Battle of Saragarhi 1897 – remembering warriors are to keep them alive

The Battle of Saragarhi was fought on September 12, 1897 between 21  Sikhs of the 4th Battalion (then, the "36th Sikhs") of the Sikh Regiment of British India, defending an army post against 15 to 20 thousand Afghan and Orakzai tribesmen in a last stand.
This years’ celebrations significance is that 14 Army officers from Britain are visiting Saragarhi Memorial on September 12 at Ferozepur led by Major General Duncon Francis Capps - to pay tributes to warriors of the famed 1897 battle on its anniversary which will be presided over by Punjab Finance Minister Manpreet Singh Badal.
Added here, the Saragrahi Memorial Management Trust (SMMT), Ferozpeur, as per a notification issued by the governor, recently took over the historical memorial. The SMMT, led by Maj Gen Rajesh Kundra, GoC, Golden Arrow Division, who is its ex-officio chairman; and has Ramvir, Deputy Commissioner, as the Vice-Chairman, has made plans for improvement in basic infrastructure and arranging a light-and-sound show too.
It may here be recalled that earlier the state cabinet had cancelled the previous SAD-BJP government’s orders to entrust the Saragarhi memorial gurdwara management to Baba Nand Singh Gurdwara, Nanaksar Kaleran, Jagraon, for 30 years.
On this occasion, 14 Army dignitaries from British Royal Military Academy Sandhurst, Surry, England  coming to attend the Saragarhi commemoration  day celebrations are - Maj Gen Duncan Francis Capps, Brig Timothy John Seal, Col John Richard Kendall, Lt Col William David Blakey, Lt Col Saly Yvonne Arthurton, Maj Sartaj Singh Gogna, Maj Donna Lodge, Capt John Bermard Warburton, Capt David Michael Luke Wadding, Capt Daljinder Singh Virdee, WO Ashok Kumar Chauhan MBE, LCpl Hapreet Kaur and Pte Harshal Singh. Besides, 16 members from Saragarhi Foundation Punjab are also coming on this valedictory fuction.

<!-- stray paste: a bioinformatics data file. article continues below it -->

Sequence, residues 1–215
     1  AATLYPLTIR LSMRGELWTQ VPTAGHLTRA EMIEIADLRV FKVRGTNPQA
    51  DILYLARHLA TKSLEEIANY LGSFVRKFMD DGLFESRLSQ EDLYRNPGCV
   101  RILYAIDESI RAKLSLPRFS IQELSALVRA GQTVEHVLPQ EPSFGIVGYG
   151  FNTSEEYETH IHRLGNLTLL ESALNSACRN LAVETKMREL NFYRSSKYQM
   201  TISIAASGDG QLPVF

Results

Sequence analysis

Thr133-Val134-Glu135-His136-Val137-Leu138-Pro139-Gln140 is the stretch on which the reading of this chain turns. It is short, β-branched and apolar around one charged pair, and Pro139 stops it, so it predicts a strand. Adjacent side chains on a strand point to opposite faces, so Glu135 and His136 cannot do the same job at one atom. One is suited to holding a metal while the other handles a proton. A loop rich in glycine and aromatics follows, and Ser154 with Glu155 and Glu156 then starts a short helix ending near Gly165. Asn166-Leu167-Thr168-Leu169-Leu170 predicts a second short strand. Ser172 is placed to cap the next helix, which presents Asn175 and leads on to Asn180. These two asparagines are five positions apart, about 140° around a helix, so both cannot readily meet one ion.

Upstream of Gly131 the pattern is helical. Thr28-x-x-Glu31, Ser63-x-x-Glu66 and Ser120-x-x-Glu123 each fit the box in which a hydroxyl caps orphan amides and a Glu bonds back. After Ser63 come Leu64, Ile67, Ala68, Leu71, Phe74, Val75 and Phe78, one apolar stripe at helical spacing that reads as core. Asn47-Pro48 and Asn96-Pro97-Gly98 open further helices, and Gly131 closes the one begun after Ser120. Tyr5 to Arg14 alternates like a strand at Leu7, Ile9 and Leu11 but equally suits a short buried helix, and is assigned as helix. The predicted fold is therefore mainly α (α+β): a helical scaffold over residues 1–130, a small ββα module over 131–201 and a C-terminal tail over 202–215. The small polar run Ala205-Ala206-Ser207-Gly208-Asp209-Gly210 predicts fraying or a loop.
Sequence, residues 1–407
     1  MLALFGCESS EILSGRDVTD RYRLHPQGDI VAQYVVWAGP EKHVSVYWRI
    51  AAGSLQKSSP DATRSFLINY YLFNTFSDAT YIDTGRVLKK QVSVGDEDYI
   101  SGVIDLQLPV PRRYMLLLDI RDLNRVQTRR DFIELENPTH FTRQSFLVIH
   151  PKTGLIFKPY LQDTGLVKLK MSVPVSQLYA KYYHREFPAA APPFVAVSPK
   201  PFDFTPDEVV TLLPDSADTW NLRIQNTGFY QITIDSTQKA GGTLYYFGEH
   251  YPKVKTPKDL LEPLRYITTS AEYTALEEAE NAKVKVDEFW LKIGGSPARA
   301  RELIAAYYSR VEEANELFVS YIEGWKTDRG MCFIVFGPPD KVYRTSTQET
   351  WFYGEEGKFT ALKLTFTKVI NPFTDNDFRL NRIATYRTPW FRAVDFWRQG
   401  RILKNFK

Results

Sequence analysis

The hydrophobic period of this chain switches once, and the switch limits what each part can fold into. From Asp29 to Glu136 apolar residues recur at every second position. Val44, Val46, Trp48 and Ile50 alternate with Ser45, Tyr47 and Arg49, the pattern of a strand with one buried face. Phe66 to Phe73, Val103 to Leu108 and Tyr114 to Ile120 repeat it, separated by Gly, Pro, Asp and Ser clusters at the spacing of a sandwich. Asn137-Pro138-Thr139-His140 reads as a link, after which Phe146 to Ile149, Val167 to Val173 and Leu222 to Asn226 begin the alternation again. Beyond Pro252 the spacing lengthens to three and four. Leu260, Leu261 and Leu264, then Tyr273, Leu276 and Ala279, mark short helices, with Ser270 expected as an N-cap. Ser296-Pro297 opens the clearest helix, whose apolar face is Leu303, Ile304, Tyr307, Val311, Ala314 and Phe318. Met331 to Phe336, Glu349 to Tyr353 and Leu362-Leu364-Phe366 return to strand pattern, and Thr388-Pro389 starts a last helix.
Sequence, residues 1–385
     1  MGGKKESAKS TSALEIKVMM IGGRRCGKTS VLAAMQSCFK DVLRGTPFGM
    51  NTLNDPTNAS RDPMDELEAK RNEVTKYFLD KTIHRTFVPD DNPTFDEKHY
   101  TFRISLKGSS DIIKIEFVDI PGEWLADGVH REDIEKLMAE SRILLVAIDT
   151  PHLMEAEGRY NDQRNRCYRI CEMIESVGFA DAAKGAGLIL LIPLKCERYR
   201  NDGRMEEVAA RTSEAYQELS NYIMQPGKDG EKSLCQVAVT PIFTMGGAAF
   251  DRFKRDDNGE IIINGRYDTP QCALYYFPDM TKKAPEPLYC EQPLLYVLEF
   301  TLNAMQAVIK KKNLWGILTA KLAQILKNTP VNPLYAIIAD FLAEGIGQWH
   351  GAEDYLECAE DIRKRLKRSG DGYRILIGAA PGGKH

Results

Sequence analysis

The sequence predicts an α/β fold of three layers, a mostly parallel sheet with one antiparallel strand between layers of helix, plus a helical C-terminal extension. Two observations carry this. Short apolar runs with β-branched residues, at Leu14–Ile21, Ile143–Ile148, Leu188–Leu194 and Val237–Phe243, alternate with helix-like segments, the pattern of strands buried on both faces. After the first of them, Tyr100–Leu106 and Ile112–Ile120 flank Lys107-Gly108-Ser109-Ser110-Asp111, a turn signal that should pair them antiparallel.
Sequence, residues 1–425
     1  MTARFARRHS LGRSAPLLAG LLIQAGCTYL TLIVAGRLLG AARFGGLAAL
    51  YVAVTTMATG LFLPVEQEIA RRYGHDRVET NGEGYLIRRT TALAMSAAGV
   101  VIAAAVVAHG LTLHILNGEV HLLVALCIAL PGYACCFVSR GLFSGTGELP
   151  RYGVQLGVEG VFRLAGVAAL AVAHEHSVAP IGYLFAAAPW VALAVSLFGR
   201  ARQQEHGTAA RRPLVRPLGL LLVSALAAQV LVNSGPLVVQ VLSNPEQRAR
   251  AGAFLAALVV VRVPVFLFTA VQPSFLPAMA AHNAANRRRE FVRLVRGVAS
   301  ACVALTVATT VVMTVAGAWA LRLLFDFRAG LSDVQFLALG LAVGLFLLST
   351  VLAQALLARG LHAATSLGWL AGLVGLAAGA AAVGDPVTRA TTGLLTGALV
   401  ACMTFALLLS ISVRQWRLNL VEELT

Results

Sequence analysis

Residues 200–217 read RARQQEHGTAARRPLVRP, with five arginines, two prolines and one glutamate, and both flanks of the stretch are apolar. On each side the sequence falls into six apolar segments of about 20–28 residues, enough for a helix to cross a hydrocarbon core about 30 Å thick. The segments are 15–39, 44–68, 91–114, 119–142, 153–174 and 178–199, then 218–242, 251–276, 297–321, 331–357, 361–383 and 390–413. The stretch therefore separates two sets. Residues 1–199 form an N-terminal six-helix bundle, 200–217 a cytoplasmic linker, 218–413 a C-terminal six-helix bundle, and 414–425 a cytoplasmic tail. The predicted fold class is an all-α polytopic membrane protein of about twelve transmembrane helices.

The Battle at Saragarhi is one of eight stories of the greatest examples of collective bravery in world history, as identified by UNESCO (the United Nations Educational, Scientific and Cultural Organization).
It has been cited as one of the five most significant events of its kind in the world, yet when we read history and text books prescribed in India for schools and colleges; we find no mention of this important historical event. For some unknown reason this significant piece of history has been completely overlooked and has been reduced to a non-event.
Saragarhi is a small village in the border district of Kohat, situated on the Samana Range, now part of Pakistan. In August 1897, five companies of the 36th Sikhs under Lt. Col. John Haughton were sent to the North West Frontier Province, and stationed at Samana Hills, Kurag, Sangar, Sahtop Dhar and Saragarhi.
These series of forts, originally constructed by the Sikh Emperor Ranjit Singh were consolidated by the British as the frontier outposts to defend against attacks from Afghanistan. Two of the forts were Fort Lockhart and Fort Gulistan which were situated a few miles apart. Due to the forts not being visible to each other, Saragarhi was created midway, as a mere communication post.
The Saragarhi post, situated on a rocky ridge, consisted of a small block house with loop-holed ramparts and a signaling tower.
A contingent of the 21 Sikhs led by Havildar Ishar Singh was stationed at Saragarhi. When the Afghans and Orakzai tribesmen picked it as a soft target, being a communication post, and ideal to be overrun, these brave men chose to fight to death in defending it.
Details of the Battle of Saraghari as available to us today are considered fairly accurate, due to Signalman Gurmukh Singh signaling events to Fort Lockhart as they occurred, starting around 9:00 am on that fateful day.
Colonel Haughton said that no reinforcements were available as he himself was under siege. The soldiers decided to fight to their last, to prevent the enemy reaching the Fort Gulistan. The repeated thrust of the attacking forces was repulsed by these brave men who inflicted heavy losses on them. The enemy broke a portion of the wall of the picket and hand to hand combat ensued. The battle raged on ferociously and the 21 soldiers gave their lives there.